Critical Thinking Skills

By Various Authors
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teenage girl reading book on grass, summertime lifestyle
Teaching children to think critically, whether in books or about what people say, is a skill that will benefit them their entire life.

Teaching children to think critically will help them develop a skill that will benefit them their entire lives. Here are some ways that other parents have trained their kids in this important cognitive area:

Correcting a Child’s Confusion

Recently, my 5-year-old proclaimed that she had leprosy. Naturally, I assured her she didn’t.

She retorted, “Oh, yes I do because I heard my friend say that leprosy makes your skin itch, and my skin itches, so I have leprosy.”

That is when I taught my young daughter that before repeating a new word or phrase to others, she needed to ask herself a few questions:

  • Was the information meant for her?
  • Where did she hear it?
  • What was the context of what she’d heard?

Finally, she needed to tell Mom and Dad what she’d heard and ask us what it meant before spreading a misunderstanding to others.

—Laura Bailey

Wonder Together

My children and I made an I Wonder book. We jotted down questions about daily observations. We didn’t answer any of the questions. Instead, we wondered out loud, talking together and brainstorming possible answers. If a certain question led to serious interest and conversation, we might get books on the topic or research it online.

By wondering, we created a habit of observing, which led to analyzing. It was the first step in teaching my kids the critical-thinking process.

—Cathy Edwards

Dinner-Table Topics

A few nights a week, I present my kids with simple questions or discussion topics relevant to each child’s season of life. Silly, spontaneous questions are my favorite, but we also talk about more serious topics.

  • If a raccoon (my son’s favorite animal) could be a schoolteacher, what subjects would it teach?
  • If you could ask the president one question, what would it be?

These questions trigger imaginative answers based on my kids’ knowledge, developing worldview and problem-solving skills. They also create opportunities for the kids to analyze each other’s answers and offer additional insight. But we don’t allow harsh criticism. Our dinner-table discussions come with an Ephesians 4:29 rule: Each family member must avoid “unwholesome talk,” only making comments that build others up and help the solutions being discussed.

—Amy Traurig

Ways to Cultivate Discerning Readers

Here is how I help my kids select good reading material:

  • I model healthy choices in what I stockpile on my nightstand.
  • Casually, I recommend worthwhile reads. I explain what I liked — interesting plot, deftly drawn characters, a redemptive theme.
  • Sharing a Kindle account helps me keep tabs on what’s being downloaded. And it’s a great method for sharing the books I find worthwhile.
  • When a movie is based on a book (and is acceptable to see), we talk about the merits of characters’ actions. Then I encourage my children to read the book.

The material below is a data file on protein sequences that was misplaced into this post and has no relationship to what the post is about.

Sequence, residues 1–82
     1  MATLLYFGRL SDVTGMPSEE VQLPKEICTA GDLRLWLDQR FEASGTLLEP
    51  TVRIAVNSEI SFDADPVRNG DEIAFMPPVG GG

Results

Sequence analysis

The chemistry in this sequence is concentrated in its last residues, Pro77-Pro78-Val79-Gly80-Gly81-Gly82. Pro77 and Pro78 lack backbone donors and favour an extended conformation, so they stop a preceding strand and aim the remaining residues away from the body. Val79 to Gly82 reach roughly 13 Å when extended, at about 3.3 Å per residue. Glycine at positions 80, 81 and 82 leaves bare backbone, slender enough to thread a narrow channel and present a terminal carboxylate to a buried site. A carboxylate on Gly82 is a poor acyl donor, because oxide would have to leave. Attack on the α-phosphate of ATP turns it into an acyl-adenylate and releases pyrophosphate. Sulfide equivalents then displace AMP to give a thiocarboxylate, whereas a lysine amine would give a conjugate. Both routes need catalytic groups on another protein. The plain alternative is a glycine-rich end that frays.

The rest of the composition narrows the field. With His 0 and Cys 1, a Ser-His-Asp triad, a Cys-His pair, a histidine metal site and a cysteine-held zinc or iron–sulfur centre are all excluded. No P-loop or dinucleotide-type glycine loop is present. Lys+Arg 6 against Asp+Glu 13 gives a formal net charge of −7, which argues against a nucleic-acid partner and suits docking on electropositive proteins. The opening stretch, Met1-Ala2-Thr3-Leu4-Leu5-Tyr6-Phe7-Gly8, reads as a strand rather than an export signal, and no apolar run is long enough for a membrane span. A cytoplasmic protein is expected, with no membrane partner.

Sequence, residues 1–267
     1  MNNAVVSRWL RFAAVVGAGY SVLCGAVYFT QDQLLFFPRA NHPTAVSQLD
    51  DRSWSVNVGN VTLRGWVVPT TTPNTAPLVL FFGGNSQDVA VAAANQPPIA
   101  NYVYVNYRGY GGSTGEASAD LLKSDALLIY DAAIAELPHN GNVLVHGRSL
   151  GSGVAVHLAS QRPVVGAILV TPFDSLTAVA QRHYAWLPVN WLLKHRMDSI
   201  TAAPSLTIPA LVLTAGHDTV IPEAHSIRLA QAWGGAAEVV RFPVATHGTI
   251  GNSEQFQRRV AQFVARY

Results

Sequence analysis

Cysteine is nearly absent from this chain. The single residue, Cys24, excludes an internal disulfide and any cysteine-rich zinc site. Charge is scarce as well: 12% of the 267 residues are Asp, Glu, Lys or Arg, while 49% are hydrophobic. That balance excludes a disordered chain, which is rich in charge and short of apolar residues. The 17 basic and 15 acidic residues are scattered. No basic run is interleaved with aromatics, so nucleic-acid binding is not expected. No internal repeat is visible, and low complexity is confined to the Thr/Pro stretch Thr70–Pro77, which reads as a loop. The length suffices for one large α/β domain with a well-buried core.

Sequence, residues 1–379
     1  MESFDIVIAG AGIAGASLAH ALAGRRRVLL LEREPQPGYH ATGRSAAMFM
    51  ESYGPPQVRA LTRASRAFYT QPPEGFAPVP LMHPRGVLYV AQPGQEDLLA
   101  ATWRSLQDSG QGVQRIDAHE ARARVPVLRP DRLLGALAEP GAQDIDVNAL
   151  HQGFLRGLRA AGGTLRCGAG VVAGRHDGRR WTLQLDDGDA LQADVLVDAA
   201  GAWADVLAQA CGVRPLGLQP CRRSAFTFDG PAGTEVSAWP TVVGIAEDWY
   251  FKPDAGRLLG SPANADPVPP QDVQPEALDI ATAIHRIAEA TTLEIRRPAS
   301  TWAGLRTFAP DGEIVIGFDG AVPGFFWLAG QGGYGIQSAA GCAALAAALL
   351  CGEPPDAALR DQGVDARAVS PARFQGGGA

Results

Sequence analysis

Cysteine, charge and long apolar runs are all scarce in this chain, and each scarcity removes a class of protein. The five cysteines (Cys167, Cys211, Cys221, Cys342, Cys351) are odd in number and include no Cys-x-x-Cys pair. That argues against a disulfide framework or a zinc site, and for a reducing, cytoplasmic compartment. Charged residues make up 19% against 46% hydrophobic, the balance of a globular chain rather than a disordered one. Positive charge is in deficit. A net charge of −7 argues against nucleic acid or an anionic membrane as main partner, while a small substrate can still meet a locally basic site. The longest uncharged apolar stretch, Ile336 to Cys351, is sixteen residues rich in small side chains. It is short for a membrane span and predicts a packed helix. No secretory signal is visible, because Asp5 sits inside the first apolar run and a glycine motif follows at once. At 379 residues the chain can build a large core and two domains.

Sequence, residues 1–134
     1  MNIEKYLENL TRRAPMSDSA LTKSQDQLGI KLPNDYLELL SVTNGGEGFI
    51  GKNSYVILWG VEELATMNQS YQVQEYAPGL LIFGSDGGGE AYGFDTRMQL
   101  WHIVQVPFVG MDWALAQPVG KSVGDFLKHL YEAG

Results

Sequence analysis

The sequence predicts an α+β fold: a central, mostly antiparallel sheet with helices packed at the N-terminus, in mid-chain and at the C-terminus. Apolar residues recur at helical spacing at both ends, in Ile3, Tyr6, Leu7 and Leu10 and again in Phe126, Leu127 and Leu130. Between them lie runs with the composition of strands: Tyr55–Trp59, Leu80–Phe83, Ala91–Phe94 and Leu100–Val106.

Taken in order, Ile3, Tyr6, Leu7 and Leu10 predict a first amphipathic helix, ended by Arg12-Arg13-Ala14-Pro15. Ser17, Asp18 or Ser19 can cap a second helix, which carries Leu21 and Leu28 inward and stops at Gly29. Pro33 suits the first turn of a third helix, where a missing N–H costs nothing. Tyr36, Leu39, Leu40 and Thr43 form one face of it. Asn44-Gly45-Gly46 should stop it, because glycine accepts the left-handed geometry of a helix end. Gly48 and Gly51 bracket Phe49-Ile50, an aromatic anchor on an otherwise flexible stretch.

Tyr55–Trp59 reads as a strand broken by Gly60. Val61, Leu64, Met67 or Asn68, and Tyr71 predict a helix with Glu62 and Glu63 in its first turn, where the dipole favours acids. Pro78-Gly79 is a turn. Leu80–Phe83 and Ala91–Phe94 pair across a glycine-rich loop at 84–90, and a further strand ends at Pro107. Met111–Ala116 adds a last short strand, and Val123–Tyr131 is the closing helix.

• I point out how, or even if, a book’s content exemplifies a biblical worldview.

—Jane Johnson Struck

Books and Critical Thinking

Our children will eventually come to understand that not everyone in our communities, our country or the world share our beliefs. There will be times when kids read opinions that directly contradict what they’ve learned at home and in church.

As a parent, you can help your child build a strong foundation in critical-reading skills. And you can help him or her examine exactly what messages are being communicated:

  • Inform your child about different beliefs. Explain that a worldview is behind everything he reads. It requires careful thought to decide whether the source is trustworthy.
  • Point out loaded expressions and terminology. Ask your child, “How can words sway our thinking, either positively or negatively?”
  • Encourage your child to discuss ideas she’s read. The time spent contemplating different beliefs with discernment will strengthen and develop your child’s faith.

—Kirsetin Morello

“Correcting a Child’s Confusion” © 2019 Laura Bailey. “Wonder Together” © 2019 Cathy Edwards. “Dinner-Table Topis” © 2019 Amy Traurig. “Ways to Cultivate Discerning Readers” © 2014 Jane Johnson Struck; “Books and Critical Thinking Skills” © 2012 Kirsetin Morello. All right reserved. Used by permission.

From a Focus on the Family publication:
First in the October/November 2019 issue of Focus on the Family: “Correcting a Child’s Confusion,” “Wonder Together” and “Dinner-Table Topics.” The Summer 2014 issue of Thriving Family: “Ways to Cultivate Discerning Readers.” It was titled “Ways to Cultivate Discerning Teen Readers.” First in the August/September 2012 issue of Thriving Family: “Books and Critical Thinking Skills.”


Understand How to Respect and Love your Son Well

Why doesn’t my son listen to me? Have you ever asked that question? The truth is, how you see your son and talk to him has a significant effect on how he thinks and acts. That’s why we want to help you. In fact, we’ve created a free five-part video series called “Recognizing Your Son’s Need for Respect” that will help you understand how showing respect, rather than shaming and badgering, will serve to motivate and guide your son.
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About the Author

Various Authors

This article is a compilation of articles written by various authors. The author names are found within the article.

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